I drive a Toyota Corolla 2004 model. The problem I am experiencing is that my headlights are very bright when they are on dipped beam. The drivers of oncoming cars often flick me to reduce the intensity of my headlights.
I find this strange because I am already on "dim".
I retaliate by putting on bright-dim-bright-dim to show them that I am actually on dim. I checked the headlight bulbs and they are of the correct voltage. How should I solve this problem? There is no other switch inside anywhere on the dashboard to regulate the power of my beams.
Pat, the problem is not that your headlights are too bright when you are on dim, but rather that the headlight beams are not aimed in the right direction when you dip the the lights.
Instead of the dipped beams being directed downward and slightly to the left to illuminate the road for a relatively short distance, they shine upwards and/or too far to the right, thus blinding oncoming drivers.
On your Corolla, two adjusting wheels are provided behind each headlight for the purpose of aiming the light.
They can be seen by opening the bonnet and looking at the back of the headlight assembly. The picture above shows such an adjuster. One of the adjusters controls the left-to-right aim of the light, the other changes the up-and-down aim.
An acceptable ballpark setting can be obtained by parking the car with its nose right up against a vertical surface like a wall or garage door. Make sure the fuel tank is at least half full so that the car is not in a tail-up attitude.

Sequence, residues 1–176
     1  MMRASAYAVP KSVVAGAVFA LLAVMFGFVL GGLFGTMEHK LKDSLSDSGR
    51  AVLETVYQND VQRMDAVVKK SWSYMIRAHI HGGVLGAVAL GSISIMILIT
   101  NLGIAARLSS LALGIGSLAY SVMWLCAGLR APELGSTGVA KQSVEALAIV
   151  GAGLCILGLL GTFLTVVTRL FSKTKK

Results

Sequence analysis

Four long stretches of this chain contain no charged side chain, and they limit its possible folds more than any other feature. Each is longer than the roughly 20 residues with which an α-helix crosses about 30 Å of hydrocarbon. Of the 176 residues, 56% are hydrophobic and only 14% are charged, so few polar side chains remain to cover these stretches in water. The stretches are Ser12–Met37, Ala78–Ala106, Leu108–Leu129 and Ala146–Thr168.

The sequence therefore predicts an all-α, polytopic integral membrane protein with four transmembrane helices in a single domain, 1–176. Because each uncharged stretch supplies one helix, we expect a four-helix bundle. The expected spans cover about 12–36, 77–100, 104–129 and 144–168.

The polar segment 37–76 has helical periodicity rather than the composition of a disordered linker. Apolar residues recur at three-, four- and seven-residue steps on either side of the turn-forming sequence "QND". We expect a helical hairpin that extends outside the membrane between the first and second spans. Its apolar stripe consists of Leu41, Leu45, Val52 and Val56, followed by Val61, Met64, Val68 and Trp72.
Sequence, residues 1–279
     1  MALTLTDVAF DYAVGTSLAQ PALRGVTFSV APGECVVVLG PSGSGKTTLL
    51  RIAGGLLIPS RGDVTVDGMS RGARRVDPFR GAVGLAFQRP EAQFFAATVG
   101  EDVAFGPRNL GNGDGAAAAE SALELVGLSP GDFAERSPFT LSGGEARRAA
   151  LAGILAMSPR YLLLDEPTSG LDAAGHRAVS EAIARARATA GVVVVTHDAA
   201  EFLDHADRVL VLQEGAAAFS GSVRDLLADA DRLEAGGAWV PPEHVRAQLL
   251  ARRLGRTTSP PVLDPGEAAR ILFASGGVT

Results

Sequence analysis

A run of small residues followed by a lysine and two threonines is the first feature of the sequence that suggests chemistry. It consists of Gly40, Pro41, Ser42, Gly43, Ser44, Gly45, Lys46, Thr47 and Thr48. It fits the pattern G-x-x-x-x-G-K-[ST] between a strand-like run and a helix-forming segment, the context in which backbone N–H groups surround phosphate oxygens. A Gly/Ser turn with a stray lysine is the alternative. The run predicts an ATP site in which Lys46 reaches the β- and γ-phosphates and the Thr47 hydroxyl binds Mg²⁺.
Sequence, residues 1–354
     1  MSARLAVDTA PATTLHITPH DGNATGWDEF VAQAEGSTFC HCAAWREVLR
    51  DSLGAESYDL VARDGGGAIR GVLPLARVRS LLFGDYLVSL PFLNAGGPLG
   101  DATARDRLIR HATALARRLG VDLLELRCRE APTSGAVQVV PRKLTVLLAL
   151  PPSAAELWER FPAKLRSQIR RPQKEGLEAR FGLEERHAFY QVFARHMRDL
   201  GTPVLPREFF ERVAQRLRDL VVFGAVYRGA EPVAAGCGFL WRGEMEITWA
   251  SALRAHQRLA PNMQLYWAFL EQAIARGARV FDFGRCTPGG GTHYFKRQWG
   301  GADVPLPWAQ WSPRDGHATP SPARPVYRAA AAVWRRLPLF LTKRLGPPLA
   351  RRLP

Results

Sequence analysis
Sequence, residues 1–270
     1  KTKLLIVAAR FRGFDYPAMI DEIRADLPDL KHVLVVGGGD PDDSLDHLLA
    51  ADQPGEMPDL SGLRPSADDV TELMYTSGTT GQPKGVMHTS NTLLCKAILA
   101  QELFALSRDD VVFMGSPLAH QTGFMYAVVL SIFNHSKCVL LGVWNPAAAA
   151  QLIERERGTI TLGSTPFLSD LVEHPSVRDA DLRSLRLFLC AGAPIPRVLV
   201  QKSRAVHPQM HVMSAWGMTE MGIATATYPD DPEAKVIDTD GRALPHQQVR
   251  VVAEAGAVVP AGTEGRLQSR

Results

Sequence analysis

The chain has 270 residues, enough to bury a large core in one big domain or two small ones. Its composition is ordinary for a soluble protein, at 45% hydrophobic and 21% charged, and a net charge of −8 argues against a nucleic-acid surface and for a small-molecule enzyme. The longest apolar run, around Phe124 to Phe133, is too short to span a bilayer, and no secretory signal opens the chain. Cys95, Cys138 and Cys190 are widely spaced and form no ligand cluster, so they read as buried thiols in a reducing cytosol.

Switch on the dipped beams and mark the centre of the hot spot from each headlight with masking tape + on the wall or door.
Reverse the car straight back on a flat, level surface for about eight metres and check where the centre of each hot spot now falls. These should be about 50mm to the left and 50mm below the centre of the +.
Adjust accordingly if necessary. Alternatively, take your car to any roadworthy testing station and ask them to adjust the aim of the headlights, using their optical beamsetter. This is such a quick and easy operation for them that they might even do it for free.
I recently bought a VW Polo that is still under warranty. The car pulls to the left, even when I'm driving on a straight, level road. I mentioned this to the agents when I took the car for the first free service. A service adviser told me that the engine of the car was heavier on the left, which is why all Polos do this. Various friends have said that this cannot be true. I'd be glad to hear what you think of this explanation.
Rena, I can only presume that the conversation with the service adviser took place on April 1. It must have been his idea of an April Fool's joke, because it is so ludicrous as to warrant comment.
Assuming that you have checked for unequal tyre pressures (always the first thing to check if you experience a pull on the steering), the reason why your car pulls to the left is almost certainly because the wheel alignment at the front and/or rear is faulty.
Get the agents to take your car for a proper alignment check, and your problem should be at an end.
When the road has a small amount of camber for the purpose of water run-off, there will be a slight tendency for the steering to pull to the left, but it should be hardly noticeable.
On older cars, a steady pull on the steering can be caused by a variety of things - chassis misalignment, brake drag, tyre problems, etc. But none of these should apply to a new vehicle.